It’s a beautiful Sunday morning.  I have the privilege of being in a home overlooking Lake Superior.  It has been a blessing to me to see the Lake in all her glory thru every season.  She can change in an instant.  Alot like life.  The reason I get to view the Lake is that I am a caregiver to an amazing woman.  Imagine you are in the prime of your life.  You own a business that you love.  You are healthy and active.  You are in love.  You have a home to die for.  Your children are all doing well.  Suddenly, you start forgetting things.  Little things at first.  Just like all of us.  Then you start to forget bigger things.  Things that affect your business.  Things that affect your life.  Doctor after doctor you see.  No one can find out what is wrong.  You are sent down to the famous hospital.  The news is horrid.  You have been given a death sentence.  No, not a brain tumor.  A rare form of dementia is your diagnosis.  Isn’t that just for old folks?  They must have gotten you mixed up with another patient.  No. It’s you.  They tell you to get your affairs in order that you are slowly going to lose every ability you have ever learned.  Eventually you will forget how to swallow. You will most likely choke to death on your own spittle.   There is nothing they can do for you.  You have nothing but agony to look forward to.  How do wrap your mind around that? Everything you had ever dreamed of is suddenly slipping thru your fingers.  You lose your business.  You lose your home.  You lose the love of your life.  Your children are states away and not in a position to help. Your friends start avoiding you because they don’t know what to say.  You begin to lose your ability to use sentences. You no longer can drive.  You need a legal guardian.  You need a caregiver.  You can no longer read more than a few words.  You can no longer write .  You have lost that which most of us treasure beyond measure…independence.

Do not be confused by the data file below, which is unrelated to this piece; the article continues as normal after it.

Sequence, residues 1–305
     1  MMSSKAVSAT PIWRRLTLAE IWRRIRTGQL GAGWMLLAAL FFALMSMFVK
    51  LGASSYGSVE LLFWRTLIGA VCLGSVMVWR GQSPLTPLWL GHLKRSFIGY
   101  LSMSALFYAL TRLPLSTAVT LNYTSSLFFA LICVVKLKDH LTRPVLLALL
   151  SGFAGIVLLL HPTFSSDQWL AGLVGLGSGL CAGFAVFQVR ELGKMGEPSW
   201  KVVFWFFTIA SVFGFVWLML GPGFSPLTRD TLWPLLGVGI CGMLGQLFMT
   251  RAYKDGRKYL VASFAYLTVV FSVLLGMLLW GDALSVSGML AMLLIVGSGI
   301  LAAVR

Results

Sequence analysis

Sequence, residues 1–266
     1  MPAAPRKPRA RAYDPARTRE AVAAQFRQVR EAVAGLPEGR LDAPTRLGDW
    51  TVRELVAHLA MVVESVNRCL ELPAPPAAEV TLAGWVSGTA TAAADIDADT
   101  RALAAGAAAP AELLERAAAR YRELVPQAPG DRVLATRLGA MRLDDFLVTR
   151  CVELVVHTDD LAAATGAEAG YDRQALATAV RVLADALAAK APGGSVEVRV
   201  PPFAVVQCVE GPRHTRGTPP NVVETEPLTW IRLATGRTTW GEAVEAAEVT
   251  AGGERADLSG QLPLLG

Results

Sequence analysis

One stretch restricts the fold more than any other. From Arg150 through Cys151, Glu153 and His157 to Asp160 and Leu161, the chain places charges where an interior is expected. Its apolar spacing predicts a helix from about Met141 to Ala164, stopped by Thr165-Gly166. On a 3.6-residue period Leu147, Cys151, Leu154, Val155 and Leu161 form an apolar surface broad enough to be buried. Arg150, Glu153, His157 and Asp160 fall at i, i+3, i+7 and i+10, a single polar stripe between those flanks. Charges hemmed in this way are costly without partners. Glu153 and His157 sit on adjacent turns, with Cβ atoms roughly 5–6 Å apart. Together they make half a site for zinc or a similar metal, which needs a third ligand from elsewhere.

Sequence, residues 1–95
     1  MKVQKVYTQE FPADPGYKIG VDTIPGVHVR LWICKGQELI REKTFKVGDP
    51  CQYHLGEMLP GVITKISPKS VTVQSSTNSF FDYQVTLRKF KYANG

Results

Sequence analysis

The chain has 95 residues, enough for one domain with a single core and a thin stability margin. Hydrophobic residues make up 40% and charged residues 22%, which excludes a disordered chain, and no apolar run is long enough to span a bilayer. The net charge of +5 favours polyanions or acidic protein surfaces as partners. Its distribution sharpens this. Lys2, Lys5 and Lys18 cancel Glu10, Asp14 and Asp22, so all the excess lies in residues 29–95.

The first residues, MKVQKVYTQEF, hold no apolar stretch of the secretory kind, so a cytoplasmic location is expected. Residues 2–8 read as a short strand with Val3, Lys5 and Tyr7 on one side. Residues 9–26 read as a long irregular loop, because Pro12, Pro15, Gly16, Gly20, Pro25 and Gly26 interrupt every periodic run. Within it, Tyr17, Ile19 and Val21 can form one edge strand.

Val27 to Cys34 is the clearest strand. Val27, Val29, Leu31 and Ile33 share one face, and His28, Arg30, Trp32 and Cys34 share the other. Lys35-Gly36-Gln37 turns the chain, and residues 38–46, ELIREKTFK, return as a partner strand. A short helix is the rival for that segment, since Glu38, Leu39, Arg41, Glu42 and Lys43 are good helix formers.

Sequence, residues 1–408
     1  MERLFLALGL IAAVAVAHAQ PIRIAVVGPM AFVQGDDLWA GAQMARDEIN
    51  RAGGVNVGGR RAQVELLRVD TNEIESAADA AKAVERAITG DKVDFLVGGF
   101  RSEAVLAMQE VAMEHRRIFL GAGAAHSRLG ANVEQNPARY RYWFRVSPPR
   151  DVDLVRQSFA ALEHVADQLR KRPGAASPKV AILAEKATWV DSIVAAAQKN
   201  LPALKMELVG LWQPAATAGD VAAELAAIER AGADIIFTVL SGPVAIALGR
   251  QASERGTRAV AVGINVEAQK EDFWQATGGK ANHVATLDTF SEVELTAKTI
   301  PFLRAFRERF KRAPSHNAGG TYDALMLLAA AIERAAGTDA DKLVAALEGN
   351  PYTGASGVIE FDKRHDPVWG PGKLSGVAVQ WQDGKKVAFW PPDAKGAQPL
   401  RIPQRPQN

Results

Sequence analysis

Now, I don’t know about you, but I would not take it well.  I am fiercely independent.  Don’t want no stinkin’ help.  I can do it all.

So now comes the amazing part.  This woman has endured all of this with a spirit of grace and acceptance.  I have seen few tears.  I  have seen NO bitterness or anger.  I have seen no depression.  What I have seen is love, peace, joy, humility, kindness, laughter and most of all, a great faith in her God to work good in all things.  Is she a saint.  No.  Was she a saint before this?  No.  If someone would have asked her if she could travel down this road before her, she would have said no way.  But we are never asked, are we?  For we do not know what great strengths we possess until they are needed.  I have seen this in a few great women I have had the honor of being with during their journeys to their eternal homes.  Not one of them started out a saint.  But I can tell you this, they all ended up being a blessing to everyone they met on their way home.   I can only pray that I, too, shall be a blessing if my journey takes me down a road I never wanted to go.  And if, dear reader, your journey is hard remember you never walk it alone.